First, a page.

Were we to build new, we'd probably want to go grander, but the present building has its charms. The dome is hard to see from most angles, but when I was taking pix of the back of the Old Barracks, I turned around and was startled to see this.
You can see why it's called the "Capitol Complex".
I'd like to get inside someday again, but parking in that area looks to be a problem. I was there on a Sunday, so had no difficulty finding free on-street parking. During a busy workday, I wouldn't count on that.
I have entirely too many pix of my short stay in Trenton on the 6th to use in one day. There will be other occasions to mention Trenton, and I'll use more then. I have a number of pix of the exterior, front and back, of the Old Barracks, which I'll use in a separate discussion someday. Who knows? I might even have gotten inside by then.
I did want to show pix of a fortuitous happenstance, tho. I had driven across the tiny, two-lane Calhoun Street bridge to the Pennsylvania side of the Delaware River to see what the State House looks like from there, and chanced to see two kayakers on the shallow water.
My family lived during my teens on a small lake (Shadow Lake in the River Plaza section of Middletown Township), and we had a wooden canoe for a while. I don't know if metal or fiberglass canoes were even made then, but we wouldn't have wanted one in any case. We enjoyed many hours of paddling, and turning the canoe over and experiencing the sparkling indirect lite of the air-filled space below. But I've never been in a kayak.
I don't know if kayaking is so popular on that stretch of the Delaware (the Delaware has some white-water areas) that you would likely see kayakers any Sunday you go, but I was happy to see them.
There were Canada geese on the water. One kayaker headed right for them, and just AFTER I took this next picture, they bolted and flew off in a group away from the kayaker, doing that goosy walk-on-water, flap-wings thing until they could get airborne.
I owe my name to Trenton. My parents named me "Lee Craig Schoonmaker", and I was called "Lee" in childhood. When I learned U.S. history, I was very unhappy to find that the lead general of the Confederacy in the Civil War was a monster called "Robert E. Lee". (I learned this week, by the way, that George McClellan, who organized the Union Army of the Potomac, was later a Governor of New Jersey.) And "Lee" is gender-ambiguous, which I also did not appreciate.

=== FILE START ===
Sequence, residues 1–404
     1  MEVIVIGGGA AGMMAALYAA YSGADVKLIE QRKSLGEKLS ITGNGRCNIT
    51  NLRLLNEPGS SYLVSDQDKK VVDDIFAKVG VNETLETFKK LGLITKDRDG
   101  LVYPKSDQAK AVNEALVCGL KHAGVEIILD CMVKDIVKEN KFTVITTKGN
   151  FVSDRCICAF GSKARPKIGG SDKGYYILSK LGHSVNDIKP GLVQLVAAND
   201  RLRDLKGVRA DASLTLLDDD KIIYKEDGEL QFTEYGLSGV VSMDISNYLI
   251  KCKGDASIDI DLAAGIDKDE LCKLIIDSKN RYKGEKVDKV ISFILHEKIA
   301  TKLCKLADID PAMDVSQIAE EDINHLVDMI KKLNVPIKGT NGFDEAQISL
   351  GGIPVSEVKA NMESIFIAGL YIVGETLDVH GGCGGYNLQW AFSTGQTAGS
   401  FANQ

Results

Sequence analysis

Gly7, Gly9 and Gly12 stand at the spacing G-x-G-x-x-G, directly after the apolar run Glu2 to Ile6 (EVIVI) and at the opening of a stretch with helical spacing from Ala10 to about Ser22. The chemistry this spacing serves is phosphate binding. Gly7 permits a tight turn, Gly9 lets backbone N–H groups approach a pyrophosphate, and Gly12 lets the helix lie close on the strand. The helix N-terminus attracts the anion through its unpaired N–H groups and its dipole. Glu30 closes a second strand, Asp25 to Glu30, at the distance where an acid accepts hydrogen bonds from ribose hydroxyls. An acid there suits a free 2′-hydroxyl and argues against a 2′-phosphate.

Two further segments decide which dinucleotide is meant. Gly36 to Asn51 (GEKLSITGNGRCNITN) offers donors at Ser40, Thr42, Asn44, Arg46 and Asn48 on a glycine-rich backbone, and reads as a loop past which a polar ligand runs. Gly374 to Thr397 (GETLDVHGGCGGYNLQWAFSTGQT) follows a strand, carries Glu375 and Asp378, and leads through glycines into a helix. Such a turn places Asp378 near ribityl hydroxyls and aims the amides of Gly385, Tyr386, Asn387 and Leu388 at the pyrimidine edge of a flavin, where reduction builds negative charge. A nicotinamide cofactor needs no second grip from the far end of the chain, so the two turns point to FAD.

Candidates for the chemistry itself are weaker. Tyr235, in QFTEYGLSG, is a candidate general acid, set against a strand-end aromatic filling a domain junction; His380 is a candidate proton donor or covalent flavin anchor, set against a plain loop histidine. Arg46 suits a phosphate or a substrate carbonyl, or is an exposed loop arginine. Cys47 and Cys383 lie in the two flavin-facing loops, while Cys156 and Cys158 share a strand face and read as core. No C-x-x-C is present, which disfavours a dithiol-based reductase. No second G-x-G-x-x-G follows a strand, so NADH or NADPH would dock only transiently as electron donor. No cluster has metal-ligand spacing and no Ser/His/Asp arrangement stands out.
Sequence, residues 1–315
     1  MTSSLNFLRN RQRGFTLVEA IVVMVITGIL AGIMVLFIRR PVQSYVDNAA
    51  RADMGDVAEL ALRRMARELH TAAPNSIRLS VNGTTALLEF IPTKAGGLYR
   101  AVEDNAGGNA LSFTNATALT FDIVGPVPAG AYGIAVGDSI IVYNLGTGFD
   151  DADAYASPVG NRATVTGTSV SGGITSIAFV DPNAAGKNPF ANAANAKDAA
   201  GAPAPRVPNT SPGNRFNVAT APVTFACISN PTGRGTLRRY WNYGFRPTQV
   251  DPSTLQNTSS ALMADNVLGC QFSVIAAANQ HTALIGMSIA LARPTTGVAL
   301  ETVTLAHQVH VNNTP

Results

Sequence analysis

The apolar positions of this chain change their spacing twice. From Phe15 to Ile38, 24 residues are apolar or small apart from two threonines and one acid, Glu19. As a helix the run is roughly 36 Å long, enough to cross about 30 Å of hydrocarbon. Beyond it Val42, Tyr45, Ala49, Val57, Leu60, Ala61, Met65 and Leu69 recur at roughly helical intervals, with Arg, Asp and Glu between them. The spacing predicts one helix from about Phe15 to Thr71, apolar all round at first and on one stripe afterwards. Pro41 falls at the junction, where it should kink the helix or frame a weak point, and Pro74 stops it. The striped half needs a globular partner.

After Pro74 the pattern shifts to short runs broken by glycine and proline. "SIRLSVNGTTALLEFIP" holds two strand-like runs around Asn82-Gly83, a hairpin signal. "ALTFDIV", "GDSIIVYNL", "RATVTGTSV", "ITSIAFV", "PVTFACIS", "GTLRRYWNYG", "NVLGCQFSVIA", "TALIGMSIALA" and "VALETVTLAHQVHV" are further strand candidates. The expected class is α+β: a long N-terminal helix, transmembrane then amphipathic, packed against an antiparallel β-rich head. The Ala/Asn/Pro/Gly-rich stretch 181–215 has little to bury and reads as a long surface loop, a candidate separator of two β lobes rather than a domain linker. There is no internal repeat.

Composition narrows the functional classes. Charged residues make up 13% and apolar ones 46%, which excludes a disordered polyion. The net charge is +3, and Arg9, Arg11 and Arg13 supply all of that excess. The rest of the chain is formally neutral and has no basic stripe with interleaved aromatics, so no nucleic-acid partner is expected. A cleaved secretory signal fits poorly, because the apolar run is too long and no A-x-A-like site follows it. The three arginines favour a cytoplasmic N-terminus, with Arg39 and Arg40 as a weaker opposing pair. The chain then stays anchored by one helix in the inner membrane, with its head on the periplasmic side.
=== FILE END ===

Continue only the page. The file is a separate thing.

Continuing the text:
One day in high school, I participated in a mock legislature (NJ Senate) in the State House sponsored by Hi-Y and Tri-Hi-Y, youth groups of the YMCA and YWCA respectively. While there, I heard the winning candidate for (mock) Governor pronounce his first name, "Craig", as Kreg. My parents had always pronounced it in the more authentic Scottish or Irish fashion, Kraeg, which I distinctly did not like. I preferred even "Lee" to Kraeg. But when this guy (who had an odd, semi-British speech pattern overall) said Kreg, I thought, "I like that." When I later found that Craig means "rock", as in Rock Hudson, I liked it even better. So once I had moved to Manhattan and, years later, switched campuses within the City University of New York, I decided to move from my first to middle name, and retain only the initial "L." at the beginning. Governments don't like people to use their middle names, however, so for legal purposes (driver's license and such), I am still "Lee". But don't call me that.
Returning to the takeoff for this post, an email from the Citizens' Campaign, they are the people who hold seminars, in person and online, to help individuals get onto city boards and commissions. My sister Trina has served on the Citizen Police Complaint Commission of the City of Long Beach, California for a few years, and now I see that she is Chair, as of this past July! She has encouraged me to serve on a Newark commission to my liking, because she really enjoys the work. She sent out this email, with picture, on Tuesday.
That's the Firearms Room at the Long Beach Crime Lab - our first stop of an interesting day. There were approximately 400 guns on the wall used for testing purposes, parts, etc. After this we went to the Juvenile Detention facilities, then toured the jail. Truly fascinating day.
That's not something I'd be interested in. Maybe public art or historic preservation. I'll have to think about this and do some research on what commissions have openings.